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Baltic Mammal Challenge, June 2015. PDF Print E-mail
Written by Jos   

Brown Bear track



One of the Baltic's mega fauna species to start the month off, a cracking Brown Bear lurking in the forests of northern Estonia. Also several Raccoon Dogs, a couple of Wild Boars and assorted extras including Roe Deer, Brown Hare and Red Fox.

From big to small, also added a Striped Field Mouse in Lithuania, a new species for the year.








5-8 June. Teddy Bear's Picnic, Return to Estonia.


Day One.

675 km slog north again, destination the forests of Alutaguse in north-east Estonia. Departed Lithuania mid-afternoon for a fairly uneventful drive up, one American Mink in Latvia, one Red Fox and one Roe Deer in Estonia. Arrived near midnight, a quick drive around the forest revealing little other than a couple of Woodcocks and several Nightjars. Into bed at 1.00 a.m.



Day Two.

Montagu's Harrier




4.00 a.m., the temperature a mere 1 C, weak sun cutting through mists rising over damp meadows. A male Montagu's Harrier at roost, a racket of Corncrakes calling from all quarters, a male Red-backed Shrike on a bush. Into the forest I went, my first serious attempt to locate a Brown Bear in this, probably one of the best areas for the species in Europe.





Five hours later, the day warming up to a pleasant mid-teens affair, the mammal quest was looking a bit of a flop ...one Brown Hare all I had for my efforts. Still, Goshawk, Lesser Spotted Eagle and regular Common Rosefinches and Thrush Nightingales were not so bad! Breakfast retreat, then another sortie into the forest ...one Roe Deer and one cracking set of fresh Brown Bear tracks, neat stuff plodding through wet mud! Following on from this, relaxed for much of the day, adventures were to come!


Deep in a chunk of the Alutaguse pine forests, a small clearing exists. Echoing to the calls of Cuckoos and distant Cranes, a nondescript clearing perhaps, but on the edge, tucked up against the pines, there stand a couple of rather special hides. Constructed by NaTourEst, an Estonian wildlife company, these are the bear-watching hides! From spring through to autumn, daily offerings of grain, fruit and other tasty morsals tempt in an array of nocturnal visitors, Brown Bears the top billing. And so it was, a little after 5.30 p.m. I arrived in my little hide and settled down. Till 8.00 a.m. next morning I would be here, but would Brown Bears grace me with their presence? Most nights they do appear, but by no means are they absolutely guaranteed!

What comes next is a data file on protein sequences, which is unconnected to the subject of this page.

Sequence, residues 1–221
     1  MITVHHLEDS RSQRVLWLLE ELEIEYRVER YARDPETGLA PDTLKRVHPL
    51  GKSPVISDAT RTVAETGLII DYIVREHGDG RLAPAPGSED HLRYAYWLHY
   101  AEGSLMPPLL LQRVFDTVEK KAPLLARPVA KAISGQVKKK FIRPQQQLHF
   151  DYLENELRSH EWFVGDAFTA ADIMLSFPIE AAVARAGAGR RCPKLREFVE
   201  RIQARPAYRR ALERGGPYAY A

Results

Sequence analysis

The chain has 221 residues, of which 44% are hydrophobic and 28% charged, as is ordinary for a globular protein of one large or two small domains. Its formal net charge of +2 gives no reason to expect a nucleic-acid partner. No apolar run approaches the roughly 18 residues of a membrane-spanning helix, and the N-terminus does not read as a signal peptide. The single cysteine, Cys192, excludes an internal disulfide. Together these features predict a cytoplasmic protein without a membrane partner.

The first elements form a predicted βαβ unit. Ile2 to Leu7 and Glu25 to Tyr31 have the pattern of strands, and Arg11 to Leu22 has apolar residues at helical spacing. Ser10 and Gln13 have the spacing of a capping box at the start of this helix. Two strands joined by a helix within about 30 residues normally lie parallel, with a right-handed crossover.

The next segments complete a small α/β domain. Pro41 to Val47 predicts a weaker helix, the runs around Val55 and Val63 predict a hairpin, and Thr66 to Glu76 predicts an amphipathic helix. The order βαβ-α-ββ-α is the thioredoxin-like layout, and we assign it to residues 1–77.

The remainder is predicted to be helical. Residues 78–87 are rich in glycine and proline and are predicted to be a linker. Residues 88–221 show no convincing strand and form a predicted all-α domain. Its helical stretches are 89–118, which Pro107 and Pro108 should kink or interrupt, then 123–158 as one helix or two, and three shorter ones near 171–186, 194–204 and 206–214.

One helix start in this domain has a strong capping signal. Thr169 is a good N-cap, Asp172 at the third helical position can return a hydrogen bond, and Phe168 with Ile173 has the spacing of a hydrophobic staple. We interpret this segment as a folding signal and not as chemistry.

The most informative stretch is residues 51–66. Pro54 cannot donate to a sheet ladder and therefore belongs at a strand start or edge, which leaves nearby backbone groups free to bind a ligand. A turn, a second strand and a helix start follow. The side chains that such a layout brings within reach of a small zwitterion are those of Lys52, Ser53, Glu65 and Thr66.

Bear Hide



And so the evening ticked by:


  • 5.50 p.m. One Black Woodpecker calling, Great Spotted Woodpeckers at a feeder, Pied Flycatchers in and out of a nestbox, Cuckoos calling all around, a trill of a Wood Warbler.
  • 6.00 p.m. A Red Fox appears, hesitant and brief, trots off into the forest beyond.
  • 6.20 p.m. The first Raccoon Dog of the evening arrives, sniffes about, meanders off.
  • 6.25 p.m. Two Raccoon Dogs together, thereafter a constant coming and going of Raccoon Dogs, animals always in view, mostly in pairs, a maximum of four together, probably 6+ visiting.
  • 7.50 p.m. A Red Fox reappears, looks to be the same individual as earlier, Raccoon Dogs still present.
  • 8.40 p.m. The first lull of the evening - Raccoon Dogs absent for the first time in over two hours. Great Spotted Woodpeckers feeding, nothing much else.
  • 8.53 p.m. Single Raccoon Dog briefly, Crane calling in background.
  • 9.20 p.m. Remaining quiet, Great Spotted Woodpecker still active. After a grand total of three hours sleep the night before, almost dozed off ...could have been a critical mistake!
  • 9.23 p.m. Pair of Raccoon Dogs return.
  • 9.30 p.m. Raccoon Dogs still present, Great Spotted Woodpecker returns to feed for last time this evening, Cuckoos still calling.
  • 9.33 p.m. Raccoon Dogs depart.
  • 9.47 p.m. Two different Raccoon Dogs arrive, feeding on bait.
  • 9.54 p.m. Raccoon Dogs depart. I nearly fell asleep again!
  • 10.05 p.m. Single Raccoon Dog walks in, present for duration.
  • 10.20 p.m. Raccoon Dog departs.